I have thought about the potential of a glazed side screen so have covered it in my objection letter - saying that even if that was put in place it then has a seriously detrimental effect on light into my property, you could still look round the edge of it into my property (unless the screen continued round the front of the property) and is still gives a completely unobstructed view over my entire garden from the huge frontage of the balcony.

There is a kind of balcony on the other property. It is the only one in the area. It is actually a fire escape (property over a shop) that they did get planning permission for about 12 years ago. However, it is very different to my scenario. It is a detached property, set further back from our properties and it is nowhere near anyone's bedroom etc??

I have drafted my objection letter ready. I was wondering whether to get a solicitor to submit it. Do you think this would carry any more weight with the planners??

OP’s posts: |
PurpleFlowersInMyHair Tue 04-Dec-18 13:42:19

Gosh this is awful- not just for lack of privacy- but it gives easy access for any burglars looking to break into your house. I’d be furious.

Morley19 Tue 04-Dec-18 13:46:58

Thanks Purple.

I am absolutely furious with them. There is more behind the story (including them coming round shouting at me several months ago when they said they were going to do it and I informed them it wasn't permitted development and they needed planning permission). Nothing happened for 9 months and then I get home from work one night a month ago and this was there. It is horrendous.

The burglars point is valid but I'm not sure it is something the council would consider?? There is a list of certain things they take into account when considering whether to give planning permission and things they specifically don't take into account (eg perceived loss of value, loss of a view). I don't think increased security risk is something they would consider, although I think I will put it in the letter anyway

I am SO worried that the council may grant them permission



OP’s posts: |
2doglady Tue 04-Dec-18 15:52:49

I haven’t posted on mumsnet for years but rejoined just so I could comment on this.

Three years ago I could have written your exact messages, as our next door neighbour did exactly the same to us. There are so many similarities. When he mentioned it to us we told him it required planning permission and his response was that his mate had told him he didn’t need it. Nothing happened for a year and then one day construction started.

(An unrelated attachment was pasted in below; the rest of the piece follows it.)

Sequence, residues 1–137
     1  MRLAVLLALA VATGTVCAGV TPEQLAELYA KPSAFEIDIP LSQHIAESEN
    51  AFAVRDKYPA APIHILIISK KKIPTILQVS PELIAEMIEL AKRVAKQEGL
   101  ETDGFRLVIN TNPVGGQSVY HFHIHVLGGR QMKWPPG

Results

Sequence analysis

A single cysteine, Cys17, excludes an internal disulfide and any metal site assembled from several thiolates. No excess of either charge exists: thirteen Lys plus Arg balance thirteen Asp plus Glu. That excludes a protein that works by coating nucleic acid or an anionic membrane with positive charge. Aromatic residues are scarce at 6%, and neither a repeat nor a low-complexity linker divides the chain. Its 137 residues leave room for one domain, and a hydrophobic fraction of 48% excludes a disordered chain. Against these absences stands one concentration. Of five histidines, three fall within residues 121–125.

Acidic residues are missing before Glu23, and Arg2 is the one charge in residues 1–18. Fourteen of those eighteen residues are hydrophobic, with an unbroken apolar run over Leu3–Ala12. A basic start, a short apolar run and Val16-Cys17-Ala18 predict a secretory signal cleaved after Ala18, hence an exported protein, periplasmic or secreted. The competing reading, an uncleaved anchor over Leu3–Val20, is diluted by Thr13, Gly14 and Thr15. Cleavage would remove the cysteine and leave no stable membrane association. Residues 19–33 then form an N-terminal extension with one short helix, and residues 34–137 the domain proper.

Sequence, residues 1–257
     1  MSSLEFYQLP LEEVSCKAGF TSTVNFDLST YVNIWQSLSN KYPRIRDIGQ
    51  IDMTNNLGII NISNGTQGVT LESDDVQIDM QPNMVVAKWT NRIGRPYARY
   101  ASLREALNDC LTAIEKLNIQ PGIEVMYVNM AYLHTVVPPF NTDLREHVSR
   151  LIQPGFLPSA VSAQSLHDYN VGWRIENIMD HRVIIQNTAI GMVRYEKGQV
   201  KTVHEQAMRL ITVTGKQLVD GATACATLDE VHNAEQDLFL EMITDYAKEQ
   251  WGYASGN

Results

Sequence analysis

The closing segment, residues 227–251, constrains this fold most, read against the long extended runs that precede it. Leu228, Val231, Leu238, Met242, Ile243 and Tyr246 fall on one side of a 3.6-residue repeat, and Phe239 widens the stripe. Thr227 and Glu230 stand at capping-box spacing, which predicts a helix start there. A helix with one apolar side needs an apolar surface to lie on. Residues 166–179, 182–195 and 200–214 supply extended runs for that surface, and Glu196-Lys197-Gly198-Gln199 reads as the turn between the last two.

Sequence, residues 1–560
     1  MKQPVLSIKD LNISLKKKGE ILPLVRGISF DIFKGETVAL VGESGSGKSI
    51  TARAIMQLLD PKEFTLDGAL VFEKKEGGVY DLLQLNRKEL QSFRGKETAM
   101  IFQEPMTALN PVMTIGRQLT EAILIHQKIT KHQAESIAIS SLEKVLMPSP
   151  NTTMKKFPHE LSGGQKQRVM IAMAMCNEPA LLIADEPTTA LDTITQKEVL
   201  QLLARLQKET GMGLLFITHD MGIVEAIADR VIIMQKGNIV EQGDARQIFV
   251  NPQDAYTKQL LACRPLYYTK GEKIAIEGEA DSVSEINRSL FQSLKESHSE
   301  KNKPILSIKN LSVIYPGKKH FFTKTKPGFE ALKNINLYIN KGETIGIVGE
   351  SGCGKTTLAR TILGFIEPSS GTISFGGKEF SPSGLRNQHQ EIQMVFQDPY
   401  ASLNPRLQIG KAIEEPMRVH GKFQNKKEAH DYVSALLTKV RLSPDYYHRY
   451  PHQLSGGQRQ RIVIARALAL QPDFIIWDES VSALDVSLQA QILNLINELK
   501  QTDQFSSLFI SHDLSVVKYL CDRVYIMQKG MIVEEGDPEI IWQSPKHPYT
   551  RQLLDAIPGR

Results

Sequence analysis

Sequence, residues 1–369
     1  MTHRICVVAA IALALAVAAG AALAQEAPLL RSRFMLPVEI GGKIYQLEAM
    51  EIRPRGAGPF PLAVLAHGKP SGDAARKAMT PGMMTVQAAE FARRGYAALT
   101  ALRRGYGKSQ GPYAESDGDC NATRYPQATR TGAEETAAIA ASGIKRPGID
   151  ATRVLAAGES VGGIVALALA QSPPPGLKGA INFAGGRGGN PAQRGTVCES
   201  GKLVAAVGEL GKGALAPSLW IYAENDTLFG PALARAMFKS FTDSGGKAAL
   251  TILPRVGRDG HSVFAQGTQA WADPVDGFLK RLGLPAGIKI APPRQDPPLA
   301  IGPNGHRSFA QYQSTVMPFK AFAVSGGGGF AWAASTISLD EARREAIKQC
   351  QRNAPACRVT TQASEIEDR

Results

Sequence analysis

We too got in touch with our council’s planning enforcement team, who came out straight way and told him to apply for retrospective planning permission, which he did. Ourselves and three other neighbours objected and planning permission was refused. He was given three months to take it down, although he left it to the very last day of the deadline to do so. Are any of your other neighbours impacted by it as well?

Like you our bedroom is at the back so the balcony would have enabled people to look in. Not only did we mention loss of privacy and overlooking in our letter of objection, but also noise nuisance from people sitting/standing on the balcony talking. My husband has some experience from his work of noise nuisance and talking on a balcony is not the same as people talking in a garden. It’s far more intrusive because of how noise carries. You might want to include noise nuisence in your letter as well.

The Planning Officer was going to pay a site visit to next door so we asked him to come and view the balcony from our garden as well.

After the refusal our neighbour saw himself as very much the victim and I also got shouted at, especially when he found out I had discussed it with other neighbours, some of whom would have objected anyway. I think he thought I was canvassing them to object, which was not the case.

Like you we had our doubts as to what the Council would decide but as I say they did refuse it in the end.

Starkstaring Tue 04-Dec-18 16:01:09

You should also contact your ward councilor - let them have a copy of your objection and ask if they will look into the application for you.

I would also add to your objection that even with screening you would feel totally exposed if they were on their balcony chatting and you were in your bedroom with the window opening.

Morley19 Tue 04-Dec-18 16:24:15

2doglady - thank you SO much for your post (and even rejoining to be able to comment and help me.

that has given me some reassurance. I will definitely make sure I mention noise disturbance in the objection letter.

The relationship between me and the neighbours is now practically non-existent and will only get worse when they see my objection letter. I think some other neighbours will object too

I am really pleased yours got rejected and hope mine does too

thanks again

OP’s posts: |
Morley19 Tue 04-Dec-18 16:25:28


That is a very good point about the ward counsellor, I will make sure I contact them too

And will definitely mentioned the noise issue with regards to the balcony

thanks for replying

OP’s posts: |
Wauden Tue 04-Dec-18 16:31:56

Maybe show the roof terrace to a crime prevention officer via local police station. The local police station could be in the phone book.

2doglady Tue 04-Dec-18 16:45:17

Morley 19 I will keep my fingers crossed for you.

BubblesBuddy Tue 04-Dec-18 20:30:09

A solicitor won’t make any difference. A planning consultant would. There are categories of professionals that rank above the mere public. DH is a consulting engineer(structures) and he does.

AlanThePig Tue 04-Dec-18 20:40:04

Thats bloody awful. Would be amazed if it did get planning though.